Scottish Rugby today announced its conclusions from the internal inquiry into the last minute standing down of Perpignan lock Nathan Hines from the Scotland v Australia Bank of Scotland Corporate Test last November.
On 25 November Scottish Rugby declared that Nathan Hines could not play for Scotland in his country’s match against Australia. This followed confusion over his eligibility to play for Scotland, as a consequence of an earlier complaint by French side Stade Francais against the Perpignan lock, in a French club game on 4th November in Paris.
Earlier that week Scottish Rugby was led to understand from legal advice that the complaint by Stade Francais against Hines (for what the French club regarded as an alleged act of foul play and which later led to his 20 day suspension), was contrary to natural justice and so would not contravene International Rugby Board regulations had Hines taken the field.
However, upon further consultation with the IRB, it became clear that there would indeed have been repercussions arising if Hines had played against Australia.
Scottish Rugby’s Chief Executive, Gordon McKie, then confirmed that he would conduct an inquiry into the events surrounding the matter.
This has taken longer than anticipated, as information was required internally from the Scotland team management, various administration and disciplinary personnel, Scotland’s external legal advisor for disciplinary matters and also various external partners - the French Rugby Federation (FFR), the League National de Rugby in France (LNR), Hines’ club Perpignan and the International Rugby Board.
Scottish Rugby has made every effort to carry out a thorough review of all the circumstances surrounding the matter, which it believed arose partly as a consequence of the significant complexity that exists between the disciplinary procedures and interpretations in operation for clubs in France and the UK.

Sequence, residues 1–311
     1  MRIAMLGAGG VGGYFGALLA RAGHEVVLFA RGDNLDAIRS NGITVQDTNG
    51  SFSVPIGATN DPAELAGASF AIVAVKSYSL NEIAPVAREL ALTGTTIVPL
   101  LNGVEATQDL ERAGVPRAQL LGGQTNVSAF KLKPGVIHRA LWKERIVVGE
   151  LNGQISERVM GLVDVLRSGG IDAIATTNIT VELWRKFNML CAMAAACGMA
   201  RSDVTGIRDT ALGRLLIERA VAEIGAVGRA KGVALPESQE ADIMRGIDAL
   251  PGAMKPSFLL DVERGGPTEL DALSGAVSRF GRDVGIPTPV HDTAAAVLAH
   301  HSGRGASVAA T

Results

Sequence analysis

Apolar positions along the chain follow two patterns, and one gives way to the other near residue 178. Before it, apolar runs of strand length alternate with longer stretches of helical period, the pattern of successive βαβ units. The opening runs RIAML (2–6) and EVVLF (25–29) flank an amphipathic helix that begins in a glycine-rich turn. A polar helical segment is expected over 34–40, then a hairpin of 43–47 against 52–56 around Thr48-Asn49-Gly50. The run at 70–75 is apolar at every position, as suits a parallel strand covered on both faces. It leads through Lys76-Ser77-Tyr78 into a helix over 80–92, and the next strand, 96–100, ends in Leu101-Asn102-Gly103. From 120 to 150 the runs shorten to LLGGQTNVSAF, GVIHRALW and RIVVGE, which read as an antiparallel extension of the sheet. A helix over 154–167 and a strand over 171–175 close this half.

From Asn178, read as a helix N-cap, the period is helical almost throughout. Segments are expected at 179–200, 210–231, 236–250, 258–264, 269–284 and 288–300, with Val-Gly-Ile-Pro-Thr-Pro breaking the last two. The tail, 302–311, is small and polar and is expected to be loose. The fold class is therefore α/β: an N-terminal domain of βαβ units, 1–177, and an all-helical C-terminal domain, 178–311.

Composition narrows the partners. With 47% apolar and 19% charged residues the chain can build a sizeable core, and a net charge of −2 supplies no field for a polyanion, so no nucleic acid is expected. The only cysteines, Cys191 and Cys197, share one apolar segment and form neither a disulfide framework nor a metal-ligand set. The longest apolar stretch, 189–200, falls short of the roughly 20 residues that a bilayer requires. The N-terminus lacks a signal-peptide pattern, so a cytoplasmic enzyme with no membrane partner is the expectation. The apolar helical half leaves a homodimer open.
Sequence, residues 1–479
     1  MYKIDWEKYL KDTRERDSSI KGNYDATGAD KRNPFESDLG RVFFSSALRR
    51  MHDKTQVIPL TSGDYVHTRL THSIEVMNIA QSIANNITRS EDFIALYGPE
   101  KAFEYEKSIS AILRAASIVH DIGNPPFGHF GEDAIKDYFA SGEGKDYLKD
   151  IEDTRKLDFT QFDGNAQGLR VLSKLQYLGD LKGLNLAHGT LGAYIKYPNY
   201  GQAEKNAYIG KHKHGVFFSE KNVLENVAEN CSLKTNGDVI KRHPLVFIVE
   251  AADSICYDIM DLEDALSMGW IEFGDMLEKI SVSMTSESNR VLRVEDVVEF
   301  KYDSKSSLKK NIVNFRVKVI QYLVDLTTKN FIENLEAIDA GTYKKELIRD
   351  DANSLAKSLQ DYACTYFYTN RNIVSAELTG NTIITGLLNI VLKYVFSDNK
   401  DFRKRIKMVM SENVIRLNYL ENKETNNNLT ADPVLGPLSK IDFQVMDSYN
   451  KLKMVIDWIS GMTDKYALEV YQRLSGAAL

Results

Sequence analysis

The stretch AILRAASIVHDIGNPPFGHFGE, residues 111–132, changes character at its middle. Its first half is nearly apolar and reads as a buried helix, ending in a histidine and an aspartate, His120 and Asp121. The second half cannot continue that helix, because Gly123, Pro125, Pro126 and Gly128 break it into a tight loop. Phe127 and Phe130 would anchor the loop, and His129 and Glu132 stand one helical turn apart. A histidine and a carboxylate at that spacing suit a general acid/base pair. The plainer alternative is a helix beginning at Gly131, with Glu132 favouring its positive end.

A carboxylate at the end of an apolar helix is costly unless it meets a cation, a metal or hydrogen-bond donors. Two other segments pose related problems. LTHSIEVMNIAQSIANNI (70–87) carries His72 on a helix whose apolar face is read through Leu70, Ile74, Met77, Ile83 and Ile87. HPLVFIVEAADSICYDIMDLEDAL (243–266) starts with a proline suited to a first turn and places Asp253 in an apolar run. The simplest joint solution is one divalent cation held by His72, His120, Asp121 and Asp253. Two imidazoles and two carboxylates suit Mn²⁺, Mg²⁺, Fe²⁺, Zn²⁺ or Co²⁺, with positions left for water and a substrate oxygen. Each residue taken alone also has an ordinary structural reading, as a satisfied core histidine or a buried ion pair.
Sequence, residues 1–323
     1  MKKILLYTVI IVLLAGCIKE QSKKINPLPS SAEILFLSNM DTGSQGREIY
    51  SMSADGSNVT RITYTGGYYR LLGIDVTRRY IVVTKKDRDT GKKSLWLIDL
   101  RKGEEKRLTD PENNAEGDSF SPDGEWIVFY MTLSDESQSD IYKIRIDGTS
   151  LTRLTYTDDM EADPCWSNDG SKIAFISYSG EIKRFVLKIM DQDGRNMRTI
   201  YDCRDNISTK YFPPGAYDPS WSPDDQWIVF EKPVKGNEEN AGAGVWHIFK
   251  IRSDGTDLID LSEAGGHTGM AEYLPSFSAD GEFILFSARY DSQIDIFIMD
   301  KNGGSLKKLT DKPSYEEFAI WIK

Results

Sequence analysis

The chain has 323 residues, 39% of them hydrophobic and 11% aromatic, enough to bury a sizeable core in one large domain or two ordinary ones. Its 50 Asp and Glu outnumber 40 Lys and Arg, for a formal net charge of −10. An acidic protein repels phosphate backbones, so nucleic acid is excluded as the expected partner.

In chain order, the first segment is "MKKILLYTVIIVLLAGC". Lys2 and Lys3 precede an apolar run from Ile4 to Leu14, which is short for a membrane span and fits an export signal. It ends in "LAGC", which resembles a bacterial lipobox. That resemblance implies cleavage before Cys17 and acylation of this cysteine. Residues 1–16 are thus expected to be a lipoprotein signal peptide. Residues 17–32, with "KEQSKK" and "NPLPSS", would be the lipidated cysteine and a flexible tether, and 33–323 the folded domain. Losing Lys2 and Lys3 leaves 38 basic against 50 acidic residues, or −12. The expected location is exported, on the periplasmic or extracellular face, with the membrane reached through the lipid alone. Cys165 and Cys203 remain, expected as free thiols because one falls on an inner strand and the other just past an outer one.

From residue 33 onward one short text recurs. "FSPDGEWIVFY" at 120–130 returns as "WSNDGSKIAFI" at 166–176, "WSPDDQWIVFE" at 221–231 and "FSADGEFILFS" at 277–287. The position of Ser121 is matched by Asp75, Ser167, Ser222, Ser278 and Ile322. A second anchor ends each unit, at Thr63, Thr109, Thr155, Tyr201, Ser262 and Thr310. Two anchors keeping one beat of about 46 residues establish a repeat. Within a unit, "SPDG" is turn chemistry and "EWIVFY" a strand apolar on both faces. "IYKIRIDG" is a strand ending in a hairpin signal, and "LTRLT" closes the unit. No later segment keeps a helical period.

Gordon McKie commented, “Whilst I feel we made the right decision in standing down Nathan Hines from the Australia game, it came very late. I propose to strengthen our internal processes to ensure there is no repeat of this sort of situation in the future.
“Admittedly this was a particularly complex case but nevertheless there will be much better communication between the Scotland management team and administrative, legal and disciplinary advisers, moving forward. We must ensure a highly complex area such as discipline is fully understood, especially when it involves our overseas international players.”
Scottish Rugby has discussed the matter with the IRB to keep the international body up to date on the background to the Nathan Hines case.
In cases involving French club disciplinary procedures of international players there may be differences of procedures depending on whether it is a club or international match.
McKie added, “There is no doubt these are complex areas where genuine errors can occur. However, our internal processes will be refined in the light of this episode and we will ensure that there is much greater consultation with the IRB over their interpretation of such regulations.”
Scottish Rugby is currently seeking an update on Nathan Hines’ situation in France as regards the Stade Francais complaint.
Hines said today, “I was told by my club that there was to be a preliminary hearing to determine whether I needed to appear before a discipline panel, then learned I had been banned. That’s where the confusion arose as I always denied the complaint and protested my innocence.
“I was obviously very disappointed to miss out on the Autumn Test match against Australia but look forward, fitness and selection permitting, to hopefully playing again for Scotland in this season’s RBS 6 Nations.”